Cornerhouse present… The Genius of Hitchcock: The Lodger

By Robert Johnson, MM film columnist

Cornerhouse, our guardian angel of cinema, has delivered us yet another unmissable treat...

Calling all aspiring filmmakers…calling all aspiring film makers…I know you’re out there, I’ve seen you.

Lurking in the back row of your independent short film nights or hiding behind your parents during university graduate shows.

I know you’re out there and I know you’re hungry, I’ve seen your work. It’s very, very good.

All you need to do is keep feeding that every expanding film brain. Keep it fed, watered and inspired.

Who better to inspire such a brain than the genius that was Alfred Hitchcock? He was like you once and look what happened to him!

Cornerhouse, our guardian angel of cinema, has delivered us yet another unmissable treat.

On Saturday night, for one night only, it is presenting a live satellite broadcast of ‘The Lodger’, Alfred Hitchcock’s third silent feature. An unquestionable masterpiece recently restored to its former glory by the bods at the BFI.

As if that wasn’t worth the entry fee alone the film is also accompanied by a specially composed score written and performed by Nitin Sawnhey and the London Symphony Orchestra.

Based loosely on the tale of Jack the Ripper, ‘The Lodger’ takes us back to the dark and foggy streets of the East End and to Mrs Bunting’s guest house.

All is well and business is good until the mysterious Jonathan Drew arrives to let a room. He is silent, secretive and fond of the odd midnight ramble. Its only when these nocturnal excursions start to coincide with the spate of violent murders happening around the foggy streets of London that suspicions are aroused.

The Bunting’s don’t trust this punk one bit and they want him investigated and out. But what’s this, Complications?Our possible serial killer has only gone and caught the eye of the Bunting’s daughter Daisy! (Teenage girls and bad boys eh?).

Is our lodger misunderstood or is he, in fact, luring the impressionable Daisy into his web of murder? Will she be his next victim or will her detective boyfriend, Joe, man-up, solve the case and get shot of ‘The Avenger’ once and for all? Well, I’m not going to tell you, you’ll have to come to the Cornerhouse on Saturday.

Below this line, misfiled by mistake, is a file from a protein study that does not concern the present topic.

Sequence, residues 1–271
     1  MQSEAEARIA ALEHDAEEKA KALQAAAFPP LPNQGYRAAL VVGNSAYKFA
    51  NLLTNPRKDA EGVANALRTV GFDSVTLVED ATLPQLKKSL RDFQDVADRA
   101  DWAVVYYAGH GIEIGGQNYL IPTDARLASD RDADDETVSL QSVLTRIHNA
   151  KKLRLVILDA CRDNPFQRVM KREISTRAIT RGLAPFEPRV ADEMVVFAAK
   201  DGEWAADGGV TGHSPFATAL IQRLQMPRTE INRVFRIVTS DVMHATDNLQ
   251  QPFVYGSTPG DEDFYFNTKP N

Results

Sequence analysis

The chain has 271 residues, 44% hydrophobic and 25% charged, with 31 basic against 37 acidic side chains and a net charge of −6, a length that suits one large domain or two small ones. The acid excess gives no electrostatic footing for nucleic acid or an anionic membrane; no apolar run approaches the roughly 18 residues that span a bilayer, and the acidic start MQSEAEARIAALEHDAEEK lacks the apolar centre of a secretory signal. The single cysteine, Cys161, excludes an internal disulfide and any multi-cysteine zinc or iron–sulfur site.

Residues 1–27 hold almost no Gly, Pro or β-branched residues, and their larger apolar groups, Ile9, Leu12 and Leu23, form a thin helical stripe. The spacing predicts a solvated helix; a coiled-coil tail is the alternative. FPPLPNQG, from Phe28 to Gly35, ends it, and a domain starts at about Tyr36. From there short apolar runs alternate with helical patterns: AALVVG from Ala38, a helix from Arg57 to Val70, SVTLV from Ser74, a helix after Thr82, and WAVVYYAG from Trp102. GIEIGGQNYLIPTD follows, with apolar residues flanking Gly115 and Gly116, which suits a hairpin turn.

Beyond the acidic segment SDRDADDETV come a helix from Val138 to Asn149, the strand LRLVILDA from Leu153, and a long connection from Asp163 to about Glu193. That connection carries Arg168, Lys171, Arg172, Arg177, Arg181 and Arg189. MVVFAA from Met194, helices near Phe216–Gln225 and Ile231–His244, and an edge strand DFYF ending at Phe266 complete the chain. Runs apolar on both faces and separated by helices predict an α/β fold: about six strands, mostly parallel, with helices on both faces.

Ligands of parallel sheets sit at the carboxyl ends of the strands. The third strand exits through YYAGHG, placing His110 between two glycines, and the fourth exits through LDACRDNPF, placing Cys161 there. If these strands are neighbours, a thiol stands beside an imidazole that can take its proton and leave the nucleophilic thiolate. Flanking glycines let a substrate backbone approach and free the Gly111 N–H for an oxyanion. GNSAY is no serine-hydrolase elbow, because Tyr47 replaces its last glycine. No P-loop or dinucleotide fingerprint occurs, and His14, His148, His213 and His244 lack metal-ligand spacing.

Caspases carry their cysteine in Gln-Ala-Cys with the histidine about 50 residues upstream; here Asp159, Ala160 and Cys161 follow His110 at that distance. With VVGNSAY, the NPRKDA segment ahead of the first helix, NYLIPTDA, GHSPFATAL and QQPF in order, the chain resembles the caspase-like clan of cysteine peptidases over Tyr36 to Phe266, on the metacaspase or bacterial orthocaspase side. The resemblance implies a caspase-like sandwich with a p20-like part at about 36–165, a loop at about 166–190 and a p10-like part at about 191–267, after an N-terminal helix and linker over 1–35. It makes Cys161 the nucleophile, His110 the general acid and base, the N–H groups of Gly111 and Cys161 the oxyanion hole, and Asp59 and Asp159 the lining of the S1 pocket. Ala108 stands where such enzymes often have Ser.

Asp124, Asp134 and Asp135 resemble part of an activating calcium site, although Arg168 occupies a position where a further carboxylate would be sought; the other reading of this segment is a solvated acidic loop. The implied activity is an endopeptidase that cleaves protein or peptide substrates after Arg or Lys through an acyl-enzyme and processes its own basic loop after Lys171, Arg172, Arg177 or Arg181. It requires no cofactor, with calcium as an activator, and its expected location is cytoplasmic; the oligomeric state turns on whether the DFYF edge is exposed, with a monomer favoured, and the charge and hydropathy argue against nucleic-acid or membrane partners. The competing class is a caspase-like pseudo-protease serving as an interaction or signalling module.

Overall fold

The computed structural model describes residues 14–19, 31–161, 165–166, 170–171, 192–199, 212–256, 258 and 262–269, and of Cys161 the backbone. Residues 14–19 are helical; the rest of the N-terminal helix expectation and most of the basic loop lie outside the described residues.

Where to begin with a discussion of ‘The Lodger’. Heavily influenced by the German Expressionist movement the film makes excellent use of shadows, light and expressionist make up and performance.

We may watch Ivor Novello and want to laugh at what we now consider ‘over-acting’ but he was the movie star of the day and this was the acting style. It’s a country mile away from ‘The Method’ but is his portrayal any less affecting? Is he any less sinister for it? I think not and it’s a performance that, for me, opens up the debate on how much the advent of sound changed the direction of film language and whether or not it was a positive thing. But don’t get me started on that.

Then, of course, there is the man himself. Watch the birth of a genius and watch his early attempts to drag you into the palm of his hand and torment you like a wolf cub playing with its prey.

This was his third feature but is often described as the first ‘Hitchcock Film’ and involves his three favourite things, suspense, murder and blondes. He was mastering the art of horror like no one else had ever done or has done since and this is a brilliant opportunity to witness it. If you’re a cinephile, come along and enjoy.

If you’re a film maker then do yourself a favour, deconstruct every scene and analyse every shot because there isn’t a university or a college out there that can offer a masterclass like this.

‘The Lodger’ screens at Cornerhouse this Saturday night at 19.15. It’s £15 or £13.50 concessions and it will be money well spent. Click here for more details.

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